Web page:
Now here comes one of the deepest American truths– the minstrel show. Random black folks on the plantation imitating the ways of white folks are imitated by itinerant white entertainers who ‘blacken up" and create plantation skits.

Plantation owners then cull through their slaves for the most talented who then imitate the white entertainers’ imitation of black folks imitating white folks. These selected blacks are then imitated by professional white performers, and after the Civil War and the rise of black minstrelsy as an enterprise, white professionals were imitated by black professionals.

It would make Yankee Doodle’s head spin. He told us "mind the music and the dance"-- And with the music, dance, comedy and other variety show aspects of minstrelsy, generations of American show people were trained. And the minstrel show also allowed white artists to don a mask behind which they could speak on issues of sex, politics, race– with unprecedented freedom. And once you turn freedom loose, there’s no telling where it might go.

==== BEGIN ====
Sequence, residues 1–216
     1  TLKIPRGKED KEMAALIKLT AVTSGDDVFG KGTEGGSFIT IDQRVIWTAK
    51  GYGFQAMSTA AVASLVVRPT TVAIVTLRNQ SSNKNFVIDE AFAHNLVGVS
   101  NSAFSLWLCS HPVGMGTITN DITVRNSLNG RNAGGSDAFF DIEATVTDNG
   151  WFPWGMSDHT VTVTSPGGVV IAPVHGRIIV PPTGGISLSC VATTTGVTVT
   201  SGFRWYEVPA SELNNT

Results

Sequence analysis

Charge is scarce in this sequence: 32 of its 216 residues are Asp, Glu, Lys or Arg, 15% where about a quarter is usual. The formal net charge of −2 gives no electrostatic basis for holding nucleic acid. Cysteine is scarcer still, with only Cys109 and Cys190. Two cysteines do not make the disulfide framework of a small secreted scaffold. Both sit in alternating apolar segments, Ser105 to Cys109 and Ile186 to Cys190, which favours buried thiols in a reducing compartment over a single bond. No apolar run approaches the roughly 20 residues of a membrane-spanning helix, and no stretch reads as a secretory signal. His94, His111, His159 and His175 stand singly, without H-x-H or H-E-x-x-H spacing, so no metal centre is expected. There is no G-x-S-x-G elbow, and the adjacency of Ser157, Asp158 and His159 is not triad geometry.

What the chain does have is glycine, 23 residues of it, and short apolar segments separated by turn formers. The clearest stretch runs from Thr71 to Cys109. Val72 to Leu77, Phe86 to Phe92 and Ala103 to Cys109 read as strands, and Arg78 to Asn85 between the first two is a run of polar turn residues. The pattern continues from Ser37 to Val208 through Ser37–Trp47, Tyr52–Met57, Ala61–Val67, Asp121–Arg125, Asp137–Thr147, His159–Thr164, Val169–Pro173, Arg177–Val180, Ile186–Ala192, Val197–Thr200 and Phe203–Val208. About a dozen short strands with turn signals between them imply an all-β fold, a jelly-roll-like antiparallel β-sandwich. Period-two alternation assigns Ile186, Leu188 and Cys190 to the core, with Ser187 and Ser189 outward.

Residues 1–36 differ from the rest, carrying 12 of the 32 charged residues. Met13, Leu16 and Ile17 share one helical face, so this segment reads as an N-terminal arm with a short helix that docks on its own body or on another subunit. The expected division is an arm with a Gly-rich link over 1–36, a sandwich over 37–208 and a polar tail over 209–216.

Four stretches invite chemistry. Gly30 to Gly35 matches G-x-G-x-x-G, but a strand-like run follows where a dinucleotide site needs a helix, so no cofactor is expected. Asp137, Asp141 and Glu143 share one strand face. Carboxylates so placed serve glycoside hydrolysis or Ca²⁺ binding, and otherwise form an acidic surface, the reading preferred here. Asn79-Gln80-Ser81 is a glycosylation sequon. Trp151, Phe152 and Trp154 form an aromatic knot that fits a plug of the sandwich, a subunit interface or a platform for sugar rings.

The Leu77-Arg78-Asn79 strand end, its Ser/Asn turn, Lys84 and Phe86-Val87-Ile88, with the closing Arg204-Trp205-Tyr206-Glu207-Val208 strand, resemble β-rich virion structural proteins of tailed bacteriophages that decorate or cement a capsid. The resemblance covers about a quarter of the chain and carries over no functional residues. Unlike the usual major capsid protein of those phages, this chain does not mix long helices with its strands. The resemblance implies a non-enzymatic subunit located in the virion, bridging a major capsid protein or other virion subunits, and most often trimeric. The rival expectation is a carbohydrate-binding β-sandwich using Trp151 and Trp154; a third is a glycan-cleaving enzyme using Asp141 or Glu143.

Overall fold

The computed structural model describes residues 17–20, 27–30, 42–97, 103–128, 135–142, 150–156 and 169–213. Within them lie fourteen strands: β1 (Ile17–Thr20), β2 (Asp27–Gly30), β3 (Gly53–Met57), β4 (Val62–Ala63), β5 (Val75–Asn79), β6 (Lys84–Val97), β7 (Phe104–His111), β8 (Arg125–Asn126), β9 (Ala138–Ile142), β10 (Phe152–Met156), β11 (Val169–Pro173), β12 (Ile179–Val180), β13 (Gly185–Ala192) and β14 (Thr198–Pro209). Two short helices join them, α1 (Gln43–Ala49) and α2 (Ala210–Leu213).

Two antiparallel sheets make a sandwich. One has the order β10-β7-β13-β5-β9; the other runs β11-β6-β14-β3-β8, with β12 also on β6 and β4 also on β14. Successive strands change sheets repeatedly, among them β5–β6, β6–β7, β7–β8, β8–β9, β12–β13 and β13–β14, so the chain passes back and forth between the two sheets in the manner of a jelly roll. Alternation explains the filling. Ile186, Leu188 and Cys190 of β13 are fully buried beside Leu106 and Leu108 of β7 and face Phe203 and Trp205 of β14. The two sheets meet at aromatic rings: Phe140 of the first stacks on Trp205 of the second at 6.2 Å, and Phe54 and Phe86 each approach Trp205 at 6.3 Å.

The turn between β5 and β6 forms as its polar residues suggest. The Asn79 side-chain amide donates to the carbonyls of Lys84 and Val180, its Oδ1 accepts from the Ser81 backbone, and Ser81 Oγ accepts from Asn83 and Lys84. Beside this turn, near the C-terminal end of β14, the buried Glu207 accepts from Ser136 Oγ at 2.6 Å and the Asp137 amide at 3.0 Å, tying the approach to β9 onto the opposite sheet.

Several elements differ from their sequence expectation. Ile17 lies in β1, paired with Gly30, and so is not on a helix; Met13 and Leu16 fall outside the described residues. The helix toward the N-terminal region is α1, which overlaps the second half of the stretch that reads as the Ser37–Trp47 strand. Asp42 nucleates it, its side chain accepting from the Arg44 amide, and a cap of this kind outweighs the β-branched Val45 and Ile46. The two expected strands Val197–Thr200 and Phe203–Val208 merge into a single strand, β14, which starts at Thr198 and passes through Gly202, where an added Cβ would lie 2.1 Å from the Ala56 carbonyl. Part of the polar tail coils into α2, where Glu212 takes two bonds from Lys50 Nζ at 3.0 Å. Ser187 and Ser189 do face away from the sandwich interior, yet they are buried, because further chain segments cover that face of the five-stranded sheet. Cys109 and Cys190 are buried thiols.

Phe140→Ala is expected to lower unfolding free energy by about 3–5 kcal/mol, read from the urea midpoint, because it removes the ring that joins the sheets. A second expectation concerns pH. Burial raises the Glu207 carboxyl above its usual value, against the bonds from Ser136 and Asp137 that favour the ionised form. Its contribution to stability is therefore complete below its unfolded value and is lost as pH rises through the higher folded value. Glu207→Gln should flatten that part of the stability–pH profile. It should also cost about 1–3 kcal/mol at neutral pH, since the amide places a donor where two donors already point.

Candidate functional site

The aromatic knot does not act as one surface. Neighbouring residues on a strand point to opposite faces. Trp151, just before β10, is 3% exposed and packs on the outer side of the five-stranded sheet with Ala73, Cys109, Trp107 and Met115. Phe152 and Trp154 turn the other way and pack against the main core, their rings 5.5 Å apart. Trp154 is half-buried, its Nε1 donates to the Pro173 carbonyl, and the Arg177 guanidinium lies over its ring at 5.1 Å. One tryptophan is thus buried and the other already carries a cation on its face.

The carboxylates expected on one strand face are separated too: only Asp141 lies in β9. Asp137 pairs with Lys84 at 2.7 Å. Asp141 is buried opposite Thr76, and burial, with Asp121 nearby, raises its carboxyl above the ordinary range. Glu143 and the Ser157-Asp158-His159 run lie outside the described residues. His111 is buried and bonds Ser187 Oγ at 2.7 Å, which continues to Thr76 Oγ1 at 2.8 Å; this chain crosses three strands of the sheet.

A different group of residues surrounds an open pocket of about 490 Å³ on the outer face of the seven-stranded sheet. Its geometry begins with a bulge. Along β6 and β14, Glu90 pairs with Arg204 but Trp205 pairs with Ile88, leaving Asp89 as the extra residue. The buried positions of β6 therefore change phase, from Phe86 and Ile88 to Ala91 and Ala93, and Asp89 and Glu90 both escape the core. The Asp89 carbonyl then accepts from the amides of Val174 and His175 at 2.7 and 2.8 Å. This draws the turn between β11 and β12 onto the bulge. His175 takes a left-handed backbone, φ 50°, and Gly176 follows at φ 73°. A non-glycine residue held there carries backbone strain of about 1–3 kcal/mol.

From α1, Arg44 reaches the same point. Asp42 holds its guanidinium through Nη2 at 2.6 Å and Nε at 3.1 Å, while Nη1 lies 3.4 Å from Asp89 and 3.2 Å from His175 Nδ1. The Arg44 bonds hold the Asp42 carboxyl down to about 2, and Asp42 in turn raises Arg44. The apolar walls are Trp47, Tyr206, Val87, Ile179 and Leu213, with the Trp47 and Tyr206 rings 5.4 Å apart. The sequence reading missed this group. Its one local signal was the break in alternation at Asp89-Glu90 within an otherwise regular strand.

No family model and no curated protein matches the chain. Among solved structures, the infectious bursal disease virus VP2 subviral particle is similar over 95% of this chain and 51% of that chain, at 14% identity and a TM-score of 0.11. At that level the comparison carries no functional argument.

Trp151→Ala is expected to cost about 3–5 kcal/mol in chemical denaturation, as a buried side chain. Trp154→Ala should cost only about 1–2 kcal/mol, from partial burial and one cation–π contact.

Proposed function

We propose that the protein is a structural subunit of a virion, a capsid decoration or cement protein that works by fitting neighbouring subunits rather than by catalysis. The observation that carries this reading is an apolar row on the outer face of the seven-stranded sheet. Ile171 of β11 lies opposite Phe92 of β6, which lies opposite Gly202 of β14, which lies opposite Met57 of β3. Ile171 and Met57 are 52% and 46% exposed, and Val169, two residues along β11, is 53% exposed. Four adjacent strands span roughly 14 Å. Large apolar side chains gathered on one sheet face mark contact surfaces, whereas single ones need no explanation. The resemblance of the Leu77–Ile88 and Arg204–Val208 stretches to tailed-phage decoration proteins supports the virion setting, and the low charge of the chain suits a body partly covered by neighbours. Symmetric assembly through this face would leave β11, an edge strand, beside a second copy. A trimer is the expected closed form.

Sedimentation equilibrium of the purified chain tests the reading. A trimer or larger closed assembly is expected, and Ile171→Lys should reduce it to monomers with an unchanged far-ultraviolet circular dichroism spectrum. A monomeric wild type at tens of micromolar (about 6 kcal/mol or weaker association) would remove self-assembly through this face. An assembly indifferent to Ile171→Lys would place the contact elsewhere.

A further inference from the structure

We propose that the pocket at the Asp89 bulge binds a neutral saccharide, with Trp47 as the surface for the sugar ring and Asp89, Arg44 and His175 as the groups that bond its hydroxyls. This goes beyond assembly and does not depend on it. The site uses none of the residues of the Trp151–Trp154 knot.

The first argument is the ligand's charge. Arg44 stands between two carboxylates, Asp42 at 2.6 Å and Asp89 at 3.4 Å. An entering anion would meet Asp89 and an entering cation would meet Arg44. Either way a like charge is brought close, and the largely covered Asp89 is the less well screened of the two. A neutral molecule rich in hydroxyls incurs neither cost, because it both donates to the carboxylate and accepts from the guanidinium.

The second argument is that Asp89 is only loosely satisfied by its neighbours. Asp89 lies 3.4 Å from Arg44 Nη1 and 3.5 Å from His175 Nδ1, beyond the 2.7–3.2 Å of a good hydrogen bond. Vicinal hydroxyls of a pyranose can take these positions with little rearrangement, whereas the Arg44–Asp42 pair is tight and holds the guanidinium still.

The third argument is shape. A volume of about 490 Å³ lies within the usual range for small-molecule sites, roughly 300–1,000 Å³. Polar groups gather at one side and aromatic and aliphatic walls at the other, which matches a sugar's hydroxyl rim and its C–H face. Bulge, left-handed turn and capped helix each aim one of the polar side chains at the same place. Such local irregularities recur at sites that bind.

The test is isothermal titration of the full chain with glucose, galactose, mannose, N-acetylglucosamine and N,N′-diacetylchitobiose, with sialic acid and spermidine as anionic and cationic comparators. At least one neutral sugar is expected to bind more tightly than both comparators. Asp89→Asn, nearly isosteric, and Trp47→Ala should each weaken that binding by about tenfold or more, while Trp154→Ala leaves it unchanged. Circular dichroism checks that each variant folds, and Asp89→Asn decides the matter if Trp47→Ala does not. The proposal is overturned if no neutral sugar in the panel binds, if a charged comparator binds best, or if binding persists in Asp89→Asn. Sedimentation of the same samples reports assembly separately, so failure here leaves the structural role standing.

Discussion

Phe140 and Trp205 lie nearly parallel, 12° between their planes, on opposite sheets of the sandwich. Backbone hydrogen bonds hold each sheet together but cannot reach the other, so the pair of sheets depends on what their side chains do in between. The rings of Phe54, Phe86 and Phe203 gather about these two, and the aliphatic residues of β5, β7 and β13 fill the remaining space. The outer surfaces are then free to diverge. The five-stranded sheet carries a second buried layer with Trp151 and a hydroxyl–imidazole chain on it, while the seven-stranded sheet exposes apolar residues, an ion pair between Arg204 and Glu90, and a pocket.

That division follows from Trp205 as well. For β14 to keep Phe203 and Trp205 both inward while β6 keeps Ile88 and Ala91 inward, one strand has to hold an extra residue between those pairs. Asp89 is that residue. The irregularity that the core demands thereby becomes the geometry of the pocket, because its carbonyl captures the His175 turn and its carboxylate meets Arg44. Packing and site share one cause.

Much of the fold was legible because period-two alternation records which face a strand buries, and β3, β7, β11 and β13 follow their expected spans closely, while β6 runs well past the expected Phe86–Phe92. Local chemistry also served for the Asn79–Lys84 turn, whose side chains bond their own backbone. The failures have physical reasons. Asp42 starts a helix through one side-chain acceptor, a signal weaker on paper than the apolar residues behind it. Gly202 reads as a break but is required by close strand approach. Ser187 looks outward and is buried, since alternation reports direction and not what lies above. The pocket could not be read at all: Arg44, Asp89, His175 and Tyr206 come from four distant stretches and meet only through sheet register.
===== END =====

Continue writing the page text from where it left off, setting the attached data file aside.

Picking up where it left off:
So, the first generation of free Afro-Americans were introduced to America under the divisive lyrics and skits of the minstrel show. It was the blues before the blues.

But when the Fist Jubilee singers toured Europe, they told no jokes nor did they dance the buck-and-wing. The sang the purest pianissimo anyone had ever heard and where people came to hear savages recently freed from the plantations, they heard an ancient and modern human cry and yearning for respect and dignity.

Scott Joplin studied with the German-born Julius Weiss and gave us the timeless optimism of ragtime. Well, anyway, ragtime was nothing but syncopated marches mixed with banjo figures. And the March King, John Philip Sousa, lived near the Washington D.C. neighborhood where James Reese Europe grew up, and the youngster Europe studied the violin with Sousa’s bandmaster, Enrico Hurlei. And Europe, who was Afro-American, played music for Vernon and Irene Castle, who popularized ballroom dancing for white Americans who had come from the farms to the city... and together the Castles and Europe came up with the Fox Trot, the Turkey Trot, the quick step, the two-step, the twist, the slide. The Jazz Age!